Walter: Darn, I had to fix just one more thing in the code...I discovered if I the sub == the s I was giving an -1 instead of a 0. This newest version now fixes that. Thxs!, for giving the chance to write these functions!! :)) #// string.d #// Written by Walter Bright #// Copyright (c) 2001 Digital Mars #// All Rights Reserved #// www.digitalmars.com # #// String handling functions. #debug=string; // uncomment to turn on debugging printf's # #debug(string) #{ # import std.c.stdio; // for printf() #} # #import std.string; # #/****************************************** # * Find first occurrance of c in string s. # * Return index in s where it is found. # * Return -1 if not found. # * # * (A case insensitive version of std.string.find) # */ # #int ifind #( # in char[] s, # in char c #) #{ # char c1 = c; # char c2; # # c1 = ( c1 >= '\x41' && c1 <= '\x5A' ? c1 + '\x20' : c1 ); # # for (int i = 0; i < s.length; i++) # { # c2 = s[ i ]; # c2 = ( c2 >= '\x41' && c2 <= '\x5A' ? c2 + '\x20' : c2 ); # if ( c1 == c2 ) return i; # } # # return -1; # #} // end ifind( in char[], in char ) # #unittest #{ # debug(string) printf("string.ifind(char[],char).unittest\n"); # # char[] sPlts = "Mars: the fourth Rock (Planet) from the Sun."; # int i; # # i = ifind(null, cast(char)'a'); # assert(i == -1); # i = ifind("def", cast(char)'a'); # assert(i == -1); # i = ifind("abba", cast(char)'a'); # assert(i == 0); # i = ifind("def", cast(char)'f'); # assert(i == 2); # # i = ifind(sPlts, cast(char)'P'); # assert(i == 23); # i = ifind(sPlts, cast(char)'R'); # assert(i == 2); #} # #/****************************************** # * Find last occurrance of c in string s. # * Return index in s where it is found. # * Return -1 if not found. # * # * (A case insensitive version of std.string.rfind) # */ # #int irfind #( # in char[] s, # in char c #) #{ # char c1 = c; # char c2; # # c1 = ( c1 >= '\x41' && c1 <= '\x5A' ? c1 + '\x20' : c1 ); # # for (int i = s.length - 1; i >= 0; i--) # { # c2 = s[ i ]; # c2 = ( c2 >= '\x41' && c2 <= '\x5A' ? c2 + '\x20' : c2 ); # # //debug(string) printf("pos=%d, s=%.*s, c=%c, c1=%c, c2=%c\n", i, s, c, c1, c2); # # if ( c1 == c2 ) return i; # } # # return -1; # #} // end irfind( in char[], in char ) # #unittest #{ # debug(string) printf("string.irfind(char[],char).unittest\n"); # # char[] sPlts = "Mars: the fourth Rock (Planet) from the Sun."; # int i; # # i = irfind(null, cast(char)'a'); # assert(i == -1); # i = irfind("def", cast(char)'a'); # assert(i == -1); # i = irfind("abba", cast(char)'a'); # assert(i == 3); # i = irfind("def", cast(char)'f'); # assert(i == 2); # # i = irfind(sPlts, cast(char)'M'); # assert(i == 34); # i = irfind(sPlts, cast(char)'S'); # assert(i == 40); #} # #/************************************* # * Find first occurrance of sub[] in string s[]. # * Return index in s[] where it is found. # * Return -1 if not found. # * # * (A case insensitive version of std.string.find) # */ # #int ifind #( # in char[] s, # in char[] sub #) # out ( result ) # { # if ( result == -1 ) # { # } # else # { # assert( 0 <= result && result < s.length - sub.length + 1 ); # } # } # body # { # int ip = -1; # # if ( sub.length == 0 || s.length == 0 || sub.length > s.length ) # return -1; // was return 0; # # if ( sub.length == 1 ) # { # return ifind( s, cast(char)sub[ 0 ] ); # } # else # { # ip = ifind( s, cast(char)sub[ 0 ] ); # # if ( ip == -1 || ( ip + sub.length > s.length ) ) # return -1; # else # { # for ( int x = ip; x < ( s.length - sub.length ) + 1; x++ ) # if ( icmp( s[ x .. ( x + sub.length ) ], sub ) == 0 ) return x; # } # } # # return -1; # # } #// end ifind( in char[], in char[] ) # #unittest #{ # debug(string) printf("string.ifind(char[],char[]).unittest\n"); # # char[] sPlts = "Mars: the fourth Rock (Planet) from the Sun."; # char[] sMars = "Who\'s \'My Favorite Maritian?\'"; # int i; # # i = ifind(null, "a"); # assert(i == -1); # i = ifind("def", "a"); # assert(i == -1); # i = ifind("abba", "a"); # assert(i == 0); # i = ifind("def", "f"); # assert(i == 2); # i = ifind("dfefffg", "fff"); # assert(i == 3); # i = ifind("dfeffgfff", "fff"); # assert(i == 6); # # i = ifind(sMars, "MY fAVe"); # assert(i == -1); # i = ifind(sMars, "mY fAVOriTe"); # assert(i == 7); # i = ifind(sPlts, "mArS:"); # assert(i == 0); # i = ifind(sPlts, "rOcK"); # assert(i == 17); # i = ifind(sPlts, "Un."); # assert(i == 41); # i = ifind(sPlts, sPlts); # assert(i == 0); #} # #/************************************* # * Find last occurrance of sub in string s. # * Return index in s where it is found. # * Return -1 if not found. # * # * (A case insensitive version of std.string.rfind) # */ # #int irfind #( # in char[] s, # in char[] sub #) # out (result) # { # if (result == -1) # { # } # else # { # assert(0 <= result && result < s.length - sub.length + 1); # } # } # body # { # int ip = -1; # # if ( sub.length == 0 || s.length == 0 || sub.length > s.length ) # return -1; // was return 0; # # if ( sub.length == 1 ) # { # return irfind( s, cast(char)sub[ 0 ] ); # } # else # { # ip = irfind( s, cast(char)sub[ 0 ] ); # # //debug(string) printf("1) ip=%d\n", ip); # # if ( ip == -1 ) # return -1; # else # { # //debug(string) printf("2) ip=%d\n", ip); # # for ( int x = ip; x >= 0; x-- ) # if ( icmp( s[ x .. ( x + sub.length ) ], sub ) == 0 ) return x; # } # } # # return -1; # } #// end irfind( in char[], in char[] ) # #unittest #{ # debug(string) printf("string.irfind(char[],char[]).unittest\n"); # # char[] sPlts = "Mars: the fourth Rock (Planet) from the Sun."; # char[] sMars = "Who\'s \'My Favorite Maritian?\'"; # int i; # # i = irfind("abcdefcdef", "c"); # assert(i == 6); # i = irfind("abcdefcdef", "cd"); # assert(i == 6); # i = irfind("abcdefcdef", "x"); # assert(i == -1); # i = irfind("abcdefcdef", "xy"); # assert(i == -1); # i = irfind("abcdefcdef", ""); # assert(i == -1); # i = irfind( "abcdefcdef", "def" ); # assert(i == 7); # # i = irfind(sMars, "RiTE maR"); # assert(i == 14); # i = irfind(sPlts, "FOuRTh"); # assert(i == 10); # i = irfind(sMars, "whO\'s \'MY"); # assert(i == 0); # i = irfind(sMars, sMars); # assert(i == 0); #} # #// Smoke testing the above functions #int main() #{ # char[] sPlts = "Mars: the fourth Rock (Planet) from the Sun."; # char[] sMars = "Who\'s \'My Favorite Maritian?\'"; # # printf("string.ifind(char[],char).unittest\n"); # # printf("ifind( null, cast(char)'a') = %d, ans = -1\n", # ifind( null, cast(char)'a' ) ); # printf("ifind( \"def\", cast(char)'a' ) = %d, ans = -1\n", # ifind( "def", cast(char)'a' ) ); # printf("ifind( \"abba\", cast(char)'a' ) = %d, ans = 0\n", # ifind( "abba", cast(char)'a' ) ); # printf("ifind( \"def\", cast(char)'f' ) = %d, ans = 2\n", # ifind( "def", cast(char)'f' ) ); # printf("ifind( \"%.*s\", \'P\' ) = %d ans = 23\n", sPlts, # ifind( sPlts, cast(char)'P' ) ); # printf("ifind( \"%.*s\", \'R\' ) = %d ans = 2\n", sPlts, # ifind( sPlts, cast(char)'R' ) ); # # printf("\n\n"); # # printf("string.irfind(char[],char).unittest\n"); # printf("irfind( null, cast(char)'a' ) = %d, ans = -1\n", # irfind( null, cast(char)'a' ) ); # printf("irfind( \"def\", cast(char)'a' ) = %d, ans= -1\n", # irfind( "def", cast(char)'a') ); # printf("irfind( \"abba\", cast(char)'a' ) = %d, ans= 3\n", # irfind( "abba", cast(char)'a') ); # printf("irfind( \"def\", cast(char)'f' ) = %d, ans = 2\n", # irfind( "def", cast(char)'f') ); # printf("irfind( \"%.*s\", \'M\' ) = %d ans = 34\n", sPlts, # irfind( sPlts, cast(char)'M' ) ); # printf("irfind( \"%.*s\", \'S\' ) = %d ans = 40\n", sPlts, # irfind( sPlts, cast(char)'S' ) ); # # printf("\n\n"); # # printf("string.ifind(char[],char[]).unittest\n"); # printf("ifind( null, \"a\" ) = %d, ans = -1\n", # ifind( null, "a" ) ); # printf("ifind( \"def\", \"a\" ) = %d, ans = -1\n", # ifind( "def", "a" ) ); # printf("ifind( \"abba\", \"a\" ) = %d, ans= 0\n", # ifind( "abba", "a" ) ); # printf("ifind( \"def\", \"f\") = %d, ans = 2\n", # ifind( "def", "f" ) ); # printf("ifind( \"dfefffg\", \"fff\") = %d, ans = 3\n", # ifind( "dfefffg", "fff" ) ); # printf("ifind( \"dfeffgfff\", \"fff\") = %d, ans = 6\n", # ifind( "dfeffgfff", "fff" ) ); # printf("ifind( \"%.*s\", \"MY fAVe\" = %d ans = -1\n", sMars, # ifind( sMars, "MY fAVe" ) ); # printf("ifind( \"%.*s\", \"mY fAVOriTe\" = %d ans = 7\n", sMars, # ifind( sMars, "mY fAVOriTe" ) ); # printf("ifind( \"%.*s\", \"mArS:\" ) = %d ans = 0\n", sPlts, # ifind( sPlts, "mArS:" ) ); # printf("ifind( \"%.*s\", \"rOcK\" ) = %d ans = 17\n", sPlts, # ifind( sPlts, "rOcK" ) ); # printf("ifind( \"%.*s\", \"Un.\" ) = %d ans = 41\n", sPlts, # ifind( sPlts, "Un." ) ); # printf("ifind( \"%.*s\", \"%.*s\" ) = %d ans = 0\n", sPlts, sPlts, # ifind( sMars, sMars ) ); # # printf("\n\n"); # # printf("string.irfind(char[],char[]).unittest\n"); # printf("irfind( \"abcdefcdef\", \"c\" ) = %d, ans = 6\n", # irfind( "abcdefcdef", "c" ) ); # printf("irfind( \"abcdefcdef\", \"cd\" ) = %d, ans = 6\n", # irfind( "abcdefcdef", "cd" ) ); # printf("irfind( \"abcdefcdef\", \"x\" ) = %d, ans= -1\n", # irfind( "abcdefcdef", "x" ) ); # printf("irfind( \"abcdefcdef\", \"xy\") = %d, ans = -1\n", # irfind( "abcdefcdef", "xy" ) ); # printf("irfind( \"abcdefcdef\", \"\") = %d, ans = -1\n", # irfind( "abcdefcdef", "" ) ); # printf("irfind( \"abcdefcdef\", \"def\") = %d, ans = 7\n", # irfind( "abcdefcdef", "def" ) ); # printf("irfind( \"%.*s\", \"RiTE maR\" = %d ans = 14\n", sMars, # irfind( sMars, "RiTE maR" ) ); # printf("irfind( \"%.*s\", \"FOuRTh\" ) = %d ans = 10\n", sPlts, # irfind( sPlts, "FOuRTh" ) ); # printf("irfind( \"%.*s\", \"whO\'s \'MY\" = %d ans = 0\n", sMars, # irfind( sMars, "whO\'s \'MY" ) ); # printf("irfind( \"%.*s\", \"%.*s\" ) = %d ans = 0\n", sMars, sMars, # irfind( sMars, sMars ) ); # # return 0; # #} // end int main() ------------------------------------------------------------------- "Dare to reach for the Stars...Dare to Dream, Build, and Achieve!"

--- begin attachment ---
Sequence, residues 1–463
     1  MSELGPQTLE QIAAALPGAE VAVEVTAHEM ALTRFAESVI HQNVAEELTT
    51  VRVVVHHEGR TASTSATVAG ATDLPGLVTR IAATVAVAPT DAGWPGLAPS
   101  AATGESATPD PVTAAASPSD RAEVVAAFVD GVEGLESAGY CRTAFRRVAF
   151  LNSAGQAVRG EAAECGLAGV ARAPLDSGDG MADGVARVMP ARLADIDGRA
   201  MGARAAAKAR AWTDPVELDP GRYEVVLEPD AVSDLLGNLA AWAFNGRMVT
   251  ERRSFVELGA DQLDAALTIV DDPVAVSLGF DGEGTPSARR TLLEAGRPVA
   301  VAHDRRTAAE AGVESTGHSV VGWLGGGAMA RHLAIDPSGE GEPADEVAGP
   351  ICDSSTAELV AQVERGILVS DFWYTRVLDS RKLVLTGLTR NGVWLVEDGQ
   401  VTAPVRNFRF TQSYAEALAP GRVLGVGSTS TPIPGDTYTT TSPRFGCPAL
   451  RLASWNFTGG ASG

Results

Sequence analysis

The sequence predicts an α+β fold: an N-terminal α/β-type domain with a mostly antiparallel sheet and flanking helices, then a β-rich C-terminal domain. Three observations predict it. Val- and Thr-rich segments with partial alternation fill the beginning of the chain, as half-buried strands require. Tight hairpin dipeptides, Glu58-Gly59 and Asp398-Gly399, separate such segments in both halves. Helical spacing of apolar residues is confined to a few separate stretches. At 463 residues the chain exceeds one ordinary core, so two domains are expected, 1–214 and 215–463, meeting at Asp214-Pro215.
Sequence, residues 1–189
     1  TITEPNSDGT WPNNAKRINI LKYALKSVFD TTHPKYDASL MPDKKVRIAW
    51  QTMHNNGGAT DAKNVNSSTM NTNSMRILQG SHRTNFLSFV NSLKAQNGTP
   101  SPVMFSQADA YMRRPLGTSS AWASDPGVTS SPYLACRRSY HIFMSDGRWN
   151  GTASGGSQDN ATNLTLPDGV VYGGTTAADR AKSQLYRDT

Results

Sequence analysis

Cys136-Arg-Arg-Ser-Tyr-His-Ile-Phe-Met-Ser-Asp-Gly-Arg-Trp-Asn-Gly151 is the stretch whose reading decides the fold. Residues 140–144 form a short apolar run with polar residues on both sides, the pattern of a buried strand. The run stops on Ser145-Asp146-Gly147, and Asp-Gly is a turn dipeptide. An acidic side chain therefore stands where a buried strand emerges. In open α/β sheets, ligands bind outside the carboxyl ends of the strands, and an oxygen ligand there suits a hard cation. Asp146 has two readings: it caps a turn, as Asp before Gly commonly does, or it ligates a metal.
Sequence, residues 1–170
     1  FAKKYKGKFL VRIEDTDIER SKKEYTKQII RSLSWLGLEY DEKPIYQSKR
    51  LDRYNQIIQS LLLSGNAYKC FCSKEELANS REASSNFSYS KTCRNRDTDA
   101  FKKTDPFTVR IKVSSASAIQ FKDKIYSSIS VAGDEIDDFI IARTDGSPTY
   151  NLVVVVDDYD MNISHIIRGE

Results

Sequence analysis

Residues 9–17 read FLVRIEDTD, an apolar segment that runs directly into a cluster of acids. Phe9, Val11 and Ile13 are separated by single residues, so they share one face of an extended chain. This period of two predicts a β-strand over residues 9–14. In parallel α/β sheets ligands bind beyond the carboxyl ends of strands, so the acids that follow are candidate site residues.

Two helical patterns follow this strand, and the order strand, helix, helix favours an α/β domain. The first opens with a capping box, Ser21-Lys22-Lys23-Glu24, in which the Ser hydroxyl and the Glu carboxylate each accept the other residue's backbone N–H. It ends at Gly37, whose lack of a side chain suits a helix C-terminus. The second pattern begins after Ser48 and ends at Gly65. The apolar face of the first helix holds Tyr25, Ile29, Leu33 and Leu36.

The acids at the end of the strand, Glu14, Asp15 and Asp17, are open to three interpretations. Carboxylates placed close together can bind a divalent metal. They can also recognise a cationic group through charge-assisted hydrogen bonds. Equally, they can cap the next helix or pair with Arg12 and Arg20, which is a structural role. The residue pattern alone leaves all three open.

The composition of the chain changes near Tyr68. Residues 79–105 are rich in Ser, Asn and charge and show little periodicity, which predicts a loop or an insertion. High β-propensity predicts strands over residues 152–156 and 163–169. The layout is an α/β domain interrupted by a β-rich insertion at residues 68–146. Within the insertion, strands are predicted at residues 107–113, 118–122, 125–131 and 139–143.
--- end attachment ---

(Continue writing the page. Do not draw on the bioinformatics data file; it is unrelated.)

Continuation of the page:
Jun 12 2004